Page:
a. Project walkthrough

Configurations

In File Explorer, Finder, or a Terminal, locate the directory which is root of the project (gdk-for-unity-blank-project).

Launch deployment

Here there are launch configurations: one for local deployments (default_launch.json) and one for cloud deployments (cloud_launch.json).

The directories look like this:

    gdk-for-unity-blank-project/
        ├── snapshots/
        ├── workers/
        ├── cloud_launch.json
        ├── default_launch.json
        ├── spatialos.json

These configurations are used to determine what template your deployment uses, the world size, the load balancing policies, and some worker-specific configuration parameters.

Snapshot
The snapshots directory contains a default snapshot (default.snapshot) defining the initial state of your game world.

The directories and files look like this:

    gdk-for-unity-blank-project/
        ├── snapshots/
                ├── default.snapshot
                   ...

Worker configuration

You can find the root of the Unity project in workers/unity/.

Here, you will find the client-worker and server-worker configurations. They are used to configure how a worker should be launched and specify particular Runtime settings for the given worker type.

The directories and files look like this:

    gdk-for-unity-blank-project/
        ...
        ├── workers/
            ├── unity/
                ├── Assets/
                ├── Packages/
                ├── ProjectSettings/
                ├── spatialos.UnityClient.worker.json
                ├── spatialos.UnityGameLogic.worker.json
        ...

Worker assets

Under Assets/Config/ of the Unity Project, there is a BuildConfiguration asset.

The directories and files look like this:

    Assets/
        ├── Config/
            ├── <b><font color="white">BuildConfiguration.asset</font></b>
            ...

This asset defines for each worker type the target platforms to build and which Scenes to include. By default the GDK builds both Windows and MacOS UnityClients for cloud deployments, but only build a single platform (Windows or MacOS depending on your machine) for local deployments. This is because you will only ever run a client for local deployments on your machine, but may want to distribute your game to both Windows and MacOS users when running a cloud deployment.

See the links below for more information:

Open the project

Open the Unity Project found at workers/unity/. The first time you open the project, Unity will retrieve all the packages defined in the manifest.json and cache them on your machine. After resolving the packages, you’ll see a popup that says Generating code.

Image: Unity generates Unity project code the first time you open the project in the Editor.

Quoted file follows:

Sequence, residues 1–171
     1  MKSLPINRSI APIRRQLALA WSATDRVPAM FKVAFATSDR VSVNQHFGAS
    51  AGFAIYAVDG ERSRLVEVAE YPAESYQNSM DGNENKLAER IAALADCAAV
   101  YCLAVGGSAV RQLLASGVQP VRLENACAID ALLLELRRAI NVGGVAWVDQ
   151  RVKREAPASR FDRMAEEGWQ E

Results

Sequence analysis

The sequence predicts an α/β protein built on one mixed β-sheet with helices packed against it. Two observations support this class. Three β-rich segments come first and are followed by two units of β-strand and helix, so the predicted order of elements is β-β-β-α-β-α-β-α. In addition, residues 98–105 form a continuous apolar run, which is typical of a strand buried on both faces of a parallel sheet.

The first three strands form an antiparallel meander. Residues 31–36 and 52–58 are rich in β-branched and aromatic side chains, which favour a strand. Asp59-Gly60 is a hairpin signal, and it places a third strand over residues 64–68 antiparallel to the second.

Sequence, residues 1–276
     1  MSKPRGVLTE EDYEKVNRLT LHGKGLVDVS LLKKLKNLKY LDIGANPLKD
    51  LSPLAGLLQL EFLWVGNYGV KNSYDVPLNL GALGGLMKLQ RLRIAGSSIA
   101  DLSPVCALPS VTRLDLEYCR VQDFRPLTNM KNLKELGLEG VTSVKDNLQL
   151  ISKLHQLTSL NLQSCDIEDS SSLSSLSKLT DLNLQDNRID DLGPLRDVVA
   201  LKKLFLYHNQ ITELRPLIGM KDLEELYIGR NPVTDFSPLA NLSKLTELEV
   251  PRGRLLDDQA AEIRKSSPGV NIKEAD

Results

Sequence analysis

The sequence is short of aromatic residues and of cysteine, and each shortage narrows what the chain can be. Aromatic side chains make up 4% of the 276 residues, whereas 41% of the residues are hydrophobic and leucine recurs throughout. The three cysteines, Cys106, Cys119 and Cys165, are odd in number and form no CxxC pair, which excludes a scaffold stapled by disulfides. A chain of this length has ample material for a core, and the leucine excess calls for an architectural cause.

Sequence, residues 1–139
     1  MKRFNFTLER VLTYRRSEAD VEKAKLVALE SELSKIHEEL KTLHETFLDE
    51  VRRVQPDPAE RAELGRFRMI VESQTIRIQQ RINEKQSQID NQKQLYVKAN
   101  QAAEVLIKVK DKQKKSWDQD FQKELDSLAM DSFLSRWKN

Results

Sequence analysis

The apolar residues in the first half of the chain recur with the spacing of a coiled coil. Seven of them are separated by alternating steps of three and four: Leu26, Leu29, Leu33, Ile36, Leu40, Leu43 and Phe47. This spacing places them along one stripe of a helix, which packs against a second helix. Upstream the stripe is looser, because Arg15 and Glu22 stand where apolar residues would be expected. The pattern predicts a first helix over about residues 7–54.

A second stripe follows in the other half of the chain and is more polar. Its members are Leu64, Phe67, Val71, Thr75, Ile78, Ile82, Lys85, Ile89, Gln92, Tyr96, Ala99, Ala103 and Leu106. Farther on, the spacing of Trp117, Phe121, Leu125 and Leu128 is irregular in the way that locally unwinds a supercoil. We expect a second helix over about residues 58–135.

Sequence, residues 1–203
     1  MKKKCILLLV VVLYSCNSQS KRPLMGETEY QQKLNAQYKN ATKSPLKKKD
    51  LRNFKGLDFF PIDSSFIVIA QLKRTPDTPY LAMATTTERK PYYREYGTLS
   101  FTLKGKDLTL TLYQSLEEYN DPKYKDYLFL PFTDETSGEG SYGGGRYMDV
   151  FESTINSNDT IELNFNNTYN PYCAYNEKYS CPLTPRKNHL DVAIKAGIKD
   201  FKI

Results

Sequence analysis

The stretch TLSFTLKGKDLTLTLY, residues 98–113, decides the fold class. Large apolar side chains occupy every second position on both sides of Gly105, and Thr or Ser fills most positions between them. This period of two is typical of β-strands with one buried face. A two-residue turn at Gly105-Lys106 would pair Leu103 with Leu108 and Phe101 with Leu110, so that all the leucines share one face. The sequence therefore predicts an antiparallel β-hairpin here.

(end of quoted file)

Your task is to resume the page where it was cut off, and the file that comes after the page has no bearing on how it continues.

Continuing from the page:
Scenes

You may have noticed that there are a set of Scenes present at Assets/Scenes/.

The ClientScene contains a ClientWorker prefab to represent a client-worker and similarly the GameLogicScene contains a GameLogicWorker prefab to represent a server-side worker. By playing either of these Scenes, these prefabs will try to connect their respective client-worker or server-worker to your SpatialOS deployment.

    ClientScene
        ├── ClientWorker

    DevelopmentScene
        ├── ClientWorker
        ├── GameLogicWorker

    GameLogicScene
        ├── GameLogicWorker

The GDK also allows you to run more than one worker in your Unity Editor. The DevelopmentScene contains both ClientWorker and GameLogicWorker prefabs, which in turn runs both a client-worker and a server-worker side-by-side in your Editor. By running both workers you don’t need to build out workers with every new change. This greatly speeds up local iteration times, as you’ll discover later on in this tutorial.

Packages and assembly definitions

Within your Unity Project there is a Packages/manifest.json file, which defines all the package dependencies of your project. The Blank Project includes dependencies to all Feature Modules, to make it easier to adopt and include them in your user code.

    unity/
        ├── Assets/
            ├── <b><font color="white">BlankProject.asmdef</font></b>
            ...
        ├── Packages/
            ├── <b><font color="white">manifest.json</font></b>
            ...

There is also a BlankProject assembly definition in your project’s Assets folder. Although the project manifest.json defines dependencies to all GDK Feature Modules, only the Core and Player Lifecycle modules are referenced in the assembly definition. This is because the Blank Project has minimal game code, and only makes use of the Player Lifecycle module. You can read more about assembly definitions here.

Updated about a year ago



a. Project walkthrough


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